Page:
The 4K upscaling is witchcraft, the Toblerone-like remote is weirdly nice to use, and the full launch of GeForce Now means there’s a ton of games to play on the streaming device.
It’s the best Android TV box you can buy and an absolutely essential part of my media viewing habits.
Sony PS4 Pro
I’ve always been a console guy and my current platform of choice is Sony’s PlayStation 4 Pro. In all honesty, I’m not all that amazed by the hardware. It doesn’t offer true 4K, there’s no 4K Blu-Ray support, and the fan system is appalling (this is my second unit). Roll on the PS5, please.
What is does have, though, is a library stacked with some of my all-time favorite games like Persona 5 Royal, Bloodborne, Overwatch, The Last Guardian, Red Dead Redemption 2, and What Remains of Edith Finch.
I should also give a shout out to the Nintendo Switch which has saved my sanity on endless train journeys.
Arlo Baby Monitor
As with almost everything related to babies, baby tech is expensive, confusing, and oftentimes completely pointless, but you’ll be guilted into buying it anyway because you want the best for your little person.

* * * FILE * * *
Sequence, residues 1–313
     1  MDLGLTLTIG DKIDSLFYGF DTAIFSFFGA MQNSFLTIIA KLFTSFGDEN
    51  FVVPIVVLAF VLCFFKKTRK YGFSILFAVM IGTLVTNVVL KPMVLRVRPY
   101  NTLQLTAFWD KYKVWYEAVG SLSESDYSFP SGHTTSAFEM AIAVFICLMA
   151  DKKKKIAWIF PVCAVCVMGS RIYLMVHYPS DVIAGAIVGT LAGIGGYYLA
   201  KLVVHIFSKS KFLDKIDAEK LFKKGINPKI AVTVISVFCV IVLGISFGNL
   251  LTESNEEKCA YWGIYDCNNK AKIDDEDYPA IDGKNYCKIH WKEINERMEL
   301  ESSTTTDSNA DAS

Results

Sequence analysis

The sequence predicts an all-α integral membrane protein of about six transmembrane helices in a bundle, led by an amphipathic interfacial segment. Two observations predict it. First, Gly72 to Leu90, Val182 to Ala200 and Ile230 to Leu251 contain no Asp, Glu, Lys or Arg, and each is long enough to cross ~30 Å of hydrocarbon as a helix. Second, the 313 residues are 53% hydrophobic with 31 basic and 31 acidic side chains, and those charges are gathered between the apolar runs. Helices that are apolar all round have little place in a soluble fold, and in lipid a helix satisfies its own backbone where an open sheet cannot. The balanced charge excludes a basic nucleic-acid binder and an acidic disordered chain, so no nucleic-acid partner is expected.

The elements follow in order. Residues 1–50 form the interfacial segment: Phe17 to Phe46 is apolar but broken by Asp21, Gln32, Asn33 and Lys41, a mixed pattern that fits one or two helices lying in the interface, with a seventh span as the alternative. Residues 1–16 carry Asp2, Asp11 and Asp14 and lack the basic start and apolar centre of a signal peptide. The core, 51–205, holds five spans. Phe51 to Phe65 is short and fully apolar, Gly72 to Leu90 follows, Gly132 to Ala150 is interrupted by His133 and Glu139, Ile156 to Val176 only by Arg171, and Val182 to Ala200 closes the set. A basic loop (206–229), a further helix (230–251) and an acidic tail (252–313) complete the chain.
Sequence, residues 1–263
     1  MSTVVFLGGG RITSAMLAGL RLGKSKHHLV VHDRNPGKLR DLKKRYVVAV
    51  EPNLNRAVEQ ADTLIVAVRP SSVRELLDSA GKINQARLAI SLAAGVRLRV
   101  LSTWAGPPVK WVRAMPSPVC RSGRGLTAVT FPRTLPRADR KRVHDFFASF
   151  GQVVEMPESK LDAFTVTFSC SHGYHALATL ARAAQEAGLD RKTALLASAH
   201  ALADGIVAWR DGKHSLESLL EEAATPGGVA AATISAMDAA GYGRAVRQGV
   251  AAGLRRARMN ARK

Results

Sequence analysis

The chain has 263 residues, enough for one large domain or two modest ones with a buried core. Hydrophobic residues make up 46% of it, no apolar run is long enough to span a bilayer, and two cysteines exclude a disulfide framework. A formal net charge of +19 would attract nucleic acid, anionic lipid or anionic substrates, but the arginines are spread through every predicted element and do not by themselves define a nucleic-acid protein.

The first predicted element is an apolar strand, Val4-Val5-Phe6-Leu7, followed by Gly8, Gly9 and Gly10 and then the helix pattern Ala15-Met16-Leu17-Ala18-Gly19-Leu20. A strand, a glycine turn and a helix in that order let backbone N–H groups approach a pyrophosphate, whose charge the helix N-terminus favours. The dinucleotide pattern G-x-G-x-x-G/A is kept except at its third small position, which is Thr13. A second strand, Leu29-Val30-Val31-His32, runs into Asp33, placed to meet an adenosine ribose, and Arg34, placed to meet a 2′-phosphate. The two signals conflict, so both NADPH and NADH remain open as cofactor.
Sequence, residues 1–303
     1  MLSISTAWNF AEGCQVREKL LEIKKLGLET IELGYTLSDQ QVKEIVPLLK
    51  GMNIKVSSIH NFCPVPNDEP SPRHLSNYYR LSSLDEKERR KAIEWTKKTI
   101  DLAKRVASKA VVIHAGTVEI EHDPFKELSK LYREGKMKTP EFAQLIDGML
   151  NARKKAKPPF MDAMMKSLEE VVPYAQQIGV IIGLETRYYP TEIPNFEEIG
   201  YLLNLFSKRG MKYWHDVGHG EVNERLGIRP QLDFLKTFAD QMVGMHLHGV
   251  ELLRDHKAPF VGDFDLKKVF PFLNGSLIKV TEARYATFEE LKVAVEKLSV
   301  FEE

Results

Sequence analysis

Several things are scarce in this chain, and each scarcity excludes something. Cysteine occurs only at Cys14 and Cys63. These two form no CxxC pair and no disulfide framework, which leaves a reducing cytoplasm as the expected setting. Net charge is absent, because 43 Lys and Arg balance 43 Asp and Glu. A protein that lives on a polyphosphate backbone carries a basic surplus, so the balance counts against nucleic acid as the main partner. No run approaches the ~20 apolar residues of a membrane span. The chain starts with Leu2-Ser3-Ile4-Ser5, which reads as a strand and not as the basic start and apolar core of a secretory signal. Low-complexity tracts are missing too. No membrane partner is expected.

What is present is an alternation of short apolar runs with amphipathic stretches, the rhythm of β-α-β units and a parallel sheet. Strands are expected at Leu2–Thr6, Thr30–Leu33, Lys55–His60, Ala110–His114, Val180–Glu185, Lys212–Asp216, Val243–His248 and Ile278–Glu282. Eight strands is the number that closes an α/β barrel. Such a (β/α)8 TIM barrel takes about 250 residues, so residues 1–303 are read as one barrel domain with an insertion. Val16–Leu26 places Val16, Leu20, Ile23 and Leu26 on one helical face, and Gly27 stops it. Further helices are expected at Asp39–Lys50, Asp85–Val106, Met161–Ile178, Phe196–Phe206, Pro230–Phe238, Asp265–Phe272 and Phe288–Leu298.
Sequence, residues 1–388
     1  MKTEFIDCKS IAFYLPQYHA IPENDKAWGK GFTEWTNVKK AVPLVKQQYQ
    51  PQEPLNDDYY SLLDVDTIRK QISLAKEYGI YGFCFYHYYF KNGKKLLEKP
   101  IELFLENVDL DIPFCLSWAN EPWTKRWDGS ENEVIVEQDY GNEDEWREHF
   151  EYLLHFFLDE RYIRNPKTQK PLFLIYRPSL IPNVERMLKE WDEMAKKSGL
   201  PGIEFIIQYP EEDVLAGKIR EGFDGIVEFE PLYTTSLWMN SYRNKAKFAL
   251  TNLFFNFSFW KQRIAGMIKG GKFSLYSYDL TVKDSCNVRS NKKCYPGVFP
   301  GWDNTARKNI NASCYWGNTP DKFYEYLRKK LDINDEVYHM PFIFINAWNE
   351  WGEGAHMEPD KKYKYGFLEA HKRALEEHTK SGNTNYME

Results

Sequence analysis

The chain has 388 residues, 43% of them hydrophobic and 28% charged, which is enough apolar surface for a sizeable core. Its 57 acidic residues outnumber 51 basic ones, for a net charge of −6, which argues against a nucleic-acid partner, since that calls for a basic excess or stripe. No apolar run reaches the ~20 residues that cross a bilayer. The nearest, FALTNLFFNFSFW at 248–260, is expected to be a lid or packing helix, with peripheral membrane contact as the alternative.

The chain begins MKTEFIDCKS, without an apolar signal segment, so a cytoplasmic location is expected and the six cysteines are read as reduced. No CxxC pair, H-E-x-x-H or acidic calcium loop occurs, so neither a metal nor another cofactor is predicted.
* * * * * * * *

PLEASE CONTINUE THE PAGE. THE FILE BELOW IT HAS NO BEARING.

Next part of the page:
Having navigated the “baby things” minefield for almost a year now, the Arlo Baby Monitor stands out as one of our essential purchases. Baby monitors are notoriously unreliable, especially the cheaper ones, but this Wi-Fi enabled HD camera from Arlo has consistently provided the peace of mind you need as a new parent.
Also, while it’s not a tech product exactly, if you are expecting do yourself a favor and get the BabyBjorn Bouncer. You and your baby will thank me later.
More in our Staff Picks series: